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George Alcock MacDonnell vs Wilhelm Steinitz
London (1862), Jun-18
Scotch Game: Scotch Gambit. Cochrane-Anderssen Variation (C44)  ·  1-0


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find similar games 6 more G MacDonnell/Steinitz games
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Kibitzer's Corner
Oct-25-04  Knight13: Castling is very stupid. 29... c6 30. bxc6 Nxc6 31. Nxc6 bxc6 32. Qxc6 and Blak has no defence.
May-10-05  aw1988: <Knight13> What else does black have?
Premium Chessgames Member
  InspiredByMorphy: Im not convinced the final position is lost for black. For example what does white do after 29. ...b6 30.Qb7+ Kd7 blacks king looks like its getting closer to safety.
May-10-05  aw1988: Why not simply move the knight back?
May-10-05  sneaky pete: Or play 29.Bxb6 cxb6 30.Qb7#
May-10-05  aw1988: Of course Qb7+?? would make Reshevsky proud.
Premium Chessgames Member
  InspiredByMorphy: <sneaky pete> Sneaky move! The position is hopelessly lost for black. I only glanced at the game at work and didnt notice black has no queen. I was only able to watch the game tonight. 13. ...Nf6 looks better for black, threatening 14. ...Nfg4 .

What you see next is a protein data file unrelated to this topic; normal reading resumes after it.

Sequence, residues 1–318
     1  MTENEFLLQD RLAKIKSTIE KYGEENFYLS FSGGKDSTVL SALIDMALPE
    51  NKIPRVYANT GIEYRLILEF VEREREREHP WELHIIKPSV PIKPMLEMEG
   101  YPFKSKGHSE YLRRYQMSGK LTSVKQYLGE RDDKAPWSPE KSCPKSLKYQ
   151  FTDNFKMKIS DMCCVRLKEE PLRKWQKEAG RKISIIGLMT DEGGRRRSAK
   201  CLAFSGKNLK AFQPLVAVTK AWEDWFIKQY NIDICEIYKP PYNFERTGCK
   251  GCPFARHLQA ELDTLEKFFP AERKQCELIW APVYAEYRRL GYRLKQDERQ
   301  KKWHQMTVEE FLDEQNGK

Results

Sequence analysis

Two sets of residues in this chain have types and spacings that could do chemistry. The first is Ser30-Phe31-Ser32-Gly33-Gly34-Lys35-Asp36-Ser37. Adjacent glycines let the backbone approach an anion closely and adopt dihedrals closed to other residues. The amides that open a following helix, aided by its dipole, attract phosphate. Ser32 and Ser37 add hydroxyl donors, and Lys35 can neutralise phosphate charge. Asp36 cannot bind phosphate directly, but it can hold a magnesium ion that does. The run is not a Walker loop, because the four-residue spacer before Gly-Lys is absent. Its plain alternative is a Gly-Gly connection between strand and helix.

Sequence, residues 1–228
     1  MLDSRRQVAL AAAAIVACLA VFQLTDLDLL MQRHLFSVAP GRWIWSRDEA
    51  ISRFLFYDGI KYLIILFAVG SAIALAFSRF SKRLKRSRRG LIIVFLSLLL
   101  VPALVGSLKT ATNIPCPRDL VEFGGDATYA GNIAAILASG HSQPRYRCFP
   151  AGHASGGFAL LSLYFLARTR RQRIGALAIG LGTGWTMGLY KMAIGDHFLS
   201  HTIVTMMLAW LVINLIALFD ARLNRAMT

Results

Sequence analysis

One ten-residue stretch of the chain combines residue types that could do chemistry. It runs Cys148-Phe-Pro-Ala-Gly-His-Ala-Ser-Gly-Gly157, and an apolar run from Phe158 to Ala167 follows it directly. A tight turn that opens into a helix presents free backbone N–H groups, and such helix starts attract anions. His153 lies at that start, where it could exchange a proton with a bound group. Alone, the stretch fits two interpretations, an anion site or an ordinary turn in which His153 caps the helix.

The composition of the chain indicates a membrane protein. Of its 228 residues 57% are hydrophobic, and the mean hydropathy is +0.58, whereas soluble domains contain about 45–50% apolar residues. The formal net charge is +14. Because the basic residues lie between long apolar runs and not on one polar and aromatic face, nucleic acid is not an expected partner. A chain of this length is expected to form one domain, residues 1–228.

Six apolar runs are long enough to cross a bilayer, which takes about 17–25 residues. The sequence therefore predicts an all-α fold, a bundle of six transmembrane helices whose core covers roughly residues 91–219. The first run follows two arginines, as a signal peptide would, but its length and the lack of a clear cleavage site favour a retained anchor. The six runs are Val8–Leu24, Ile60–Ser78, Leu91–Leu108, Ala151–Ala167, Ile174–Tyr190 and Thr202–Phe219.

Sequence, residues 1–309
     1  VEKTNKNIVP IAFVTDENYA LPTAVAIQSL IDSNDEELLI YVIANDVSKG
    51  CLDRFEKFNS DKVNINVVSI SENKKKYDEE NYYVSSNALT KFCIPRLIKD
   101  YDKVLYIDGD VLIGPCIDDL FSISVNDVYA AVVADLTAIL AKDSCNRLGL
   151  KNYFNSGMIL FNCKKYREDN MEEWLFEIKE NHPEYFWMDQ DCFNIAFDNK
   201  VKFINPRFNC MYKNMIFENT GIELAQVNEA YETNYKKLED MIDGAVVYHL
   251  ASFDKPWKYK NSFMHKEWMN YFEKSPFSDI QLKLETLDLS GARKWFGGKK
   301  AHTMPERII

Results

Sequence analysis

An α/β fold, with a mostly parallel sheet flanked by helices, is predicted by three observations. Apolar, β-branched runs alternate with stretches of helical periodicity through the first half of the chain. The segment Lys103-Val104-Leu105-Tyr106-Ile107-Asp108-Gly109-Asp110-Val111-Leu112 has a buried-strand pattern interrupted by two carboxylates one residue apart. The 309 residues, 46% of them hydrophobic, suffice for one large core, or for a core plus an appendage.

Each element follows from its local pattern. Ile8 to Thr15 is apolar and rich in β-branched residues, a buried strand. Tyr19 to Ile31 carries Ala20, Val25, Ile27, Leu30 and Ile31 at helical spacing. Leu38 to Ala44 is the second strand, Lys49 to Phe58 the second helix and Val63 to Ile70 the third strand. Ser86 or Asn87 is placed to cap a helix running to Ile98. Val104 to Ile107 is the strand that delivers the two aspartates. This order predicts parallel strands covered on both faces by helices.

Premium Chessgames Member
  InspiredByMorphy: Does black have a positional advantage after 13. ...Nf6 14.Rg1 Bxf2 15.Rg2 g5 ?
Premium Chessgames Member
  zanzibar: Hmmm, I have a newspaper source (1899) where 2.P-Q4, 3.KN-B3 was played.

Wonder where <CG> got their game? Z-base agrees with <CG> (lacking Source tag, so also wonder what source that used too!).

Apr-09-18  sneaky pete: The official tournament book by L÷wenthal (published in 1864) has 2.d4 exd4 3.Nf3 Nc6 etc. The German tournament book by Suhle (1864) and Bachmann (Schachmeister Steinitz) give the move order we have here.

I think L÷wenthal was right, he could use the original scoresheets.

So copied from another (no doubt German) database, that copied Bachmann, who copied Suhle, the original culprit. They are all wrong - but that's just what I think.

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Featured in the Following Game Collections [what is this?]
George Alcock MacDonnell: +1, -1, =0
from Steinitz' Rare Defeats. by nikolaas
London 1862
by sneaky pete
from 1862 London by Treev

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